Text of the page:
The Episcopal Church has a unique place in the spectrum of Christian experience. Our worship is rooted in scripture, with vibrant expression of prayer, music, sacrament, and word. Episcopalians have long stood for service to the wider community, and we express our faith in outreach and social concern; we attempt to "walk the talk" of Jesus' teachings. We are known for asking good questions, rather than necessarily providing pat answers for complex issues. And we are known for our inclusiveness, recognizing that Christ's banquet is large enough to include every person.

Some words that describe Episcopalian values are:
Open-minded, and willing to live with ambiguity, knowing that truth is discerned by many paths.
Searching, questioning, and using reason to explore new insights and possibilities.
Intuitive, affirming the metaphorical, paradoxical, and symbolic.
Aesthetic, understanding that truth, goodness, and beauty are inter-related.
Moderate, holding the "middle ground" between extremes.
Naturalistic, delighting in the rhythms of life grounded in Creation.
Historical, valuing tradition and experience in understanding the present.
Political, appreciating civic virtues and affirmation of free, peaceful, and public debate and discourse, and the role of the church in influencing social, political, and economic life.

In our beliefs, we promise to follow Jesus Christ as our Savior and Lord. We believe the mission of our church is the restoration of all people to unity with God and each other in Christ. The cornerstones of our faith are scripture, tradition, reason and experience.

Scripture is the word of God contained in the Old and New Testaments of the Bible. The Old Testament recounts the story of God's love for the world from Creation until the time of Jesus. The New Testament contains Jesus' teachings, the accounts of his life as told by his followers, and the beginning of the early Christian church.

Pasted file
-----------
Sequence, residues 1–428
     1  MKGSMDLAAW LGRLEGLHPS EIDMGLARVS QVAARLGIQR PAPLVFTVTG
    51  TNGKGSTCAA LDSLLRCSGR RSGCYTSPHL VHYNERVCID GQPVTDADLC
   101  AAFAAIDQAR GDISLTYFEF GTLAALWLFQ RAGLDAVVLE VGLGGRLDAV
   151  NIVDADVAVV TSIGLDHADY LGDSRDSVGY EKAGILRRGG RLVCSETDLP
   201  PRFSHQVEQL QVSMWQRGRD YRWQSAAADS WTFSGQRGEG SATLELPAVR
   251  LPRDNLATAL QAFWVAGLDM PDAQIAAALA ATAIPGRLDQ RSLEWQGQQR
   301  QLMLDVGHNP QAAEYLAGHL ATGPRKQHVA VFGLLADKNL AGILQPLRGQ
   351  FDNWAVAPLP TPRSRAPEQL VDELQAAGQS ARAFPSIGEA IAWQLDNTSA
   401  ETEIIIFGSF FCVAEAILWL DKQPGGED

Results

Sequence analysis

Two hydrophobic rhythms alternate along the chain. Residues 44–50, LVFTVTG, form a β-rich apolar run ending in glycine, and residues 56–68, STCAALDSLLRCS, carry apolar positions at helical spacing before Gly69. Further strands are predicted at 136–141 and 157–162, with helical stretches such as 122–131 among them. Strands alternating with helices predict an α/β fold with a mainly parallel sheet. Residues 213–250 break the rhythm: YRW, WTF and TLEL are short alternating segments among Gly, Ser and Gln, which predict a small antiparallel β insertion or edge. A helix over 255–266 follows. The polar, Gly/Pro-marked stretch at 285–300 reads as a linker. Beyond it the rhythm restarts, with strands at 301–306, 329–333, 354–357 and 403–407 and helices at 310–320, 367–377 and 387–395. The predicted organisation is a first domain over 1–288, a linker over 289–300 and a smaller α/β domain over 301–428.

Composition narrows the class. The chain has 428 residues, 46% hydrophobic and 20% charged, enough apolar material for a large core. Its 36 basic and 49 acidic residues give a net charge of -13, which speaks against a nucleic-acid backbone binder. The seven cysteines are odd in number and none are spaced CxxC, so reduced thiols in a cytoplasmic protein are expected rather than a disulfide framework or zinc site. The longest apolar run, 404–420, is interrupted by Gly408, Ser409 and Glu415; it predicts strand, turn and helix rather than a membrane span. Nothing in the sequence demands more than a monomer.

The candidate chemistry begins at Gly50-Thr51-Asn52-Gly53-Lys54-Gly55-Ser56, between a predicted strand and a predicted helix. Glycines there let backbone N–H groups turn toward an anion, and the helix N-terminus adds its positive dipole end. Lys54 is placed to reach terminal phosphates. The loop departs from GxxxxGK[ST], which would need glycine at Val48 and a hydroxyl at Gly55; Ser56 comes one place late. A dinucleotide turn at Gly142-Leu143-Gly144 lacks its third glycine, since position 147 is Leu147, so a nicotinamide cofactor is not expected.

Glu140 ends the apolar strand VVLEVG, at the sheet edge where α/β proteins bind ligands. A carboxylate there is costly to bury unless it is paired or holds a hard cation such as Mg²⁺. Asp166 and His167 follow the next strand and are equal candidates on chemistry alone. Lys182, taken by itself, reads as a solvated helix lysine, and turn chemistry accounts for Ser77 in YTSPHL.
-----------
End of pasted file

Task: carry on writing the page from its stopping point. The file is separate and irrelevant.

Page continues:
Scripture is the ground of our faith and is read in public worship services and daily devotions. We are not biblical "literalists." That is, we study scripture in the context of history, and seek to interpret God's word in scripture for our own day. We have a willingness to live with diverse and changing interpretations of scripture, rather than attributing scripture with infallible certainty and binding prescriptions for all time and circumstance.

Tradition is the embodiment of our experience as Christians throughout the centuries, shaped by the Bible, historic creeds, sacraments, and the ministry carried out by Christ's disciples. Tradition is expressed with many voices, including worship styles, languages, cultures, architecture, and music. Our tradition encourages this diversity. We seek to value each person's life and story, and invite each person to share in our Christian community.

Reason, the God-given ability to think critically and take responsibility for our actions, is a vital part of our Christian faith. Reason, as a complement to scripture and tradition, leads us to seek answers to our own questions. Human reason is set in the context of our relationship with God, and God's call to us to live full and healthy lives. We experience God's love and our spiritual journey in the context of community - both within the church and in the world-at-large. Our daily living experience also shapes our questions, and nurtures our quest for a closer relationship with God and Jesus Christ.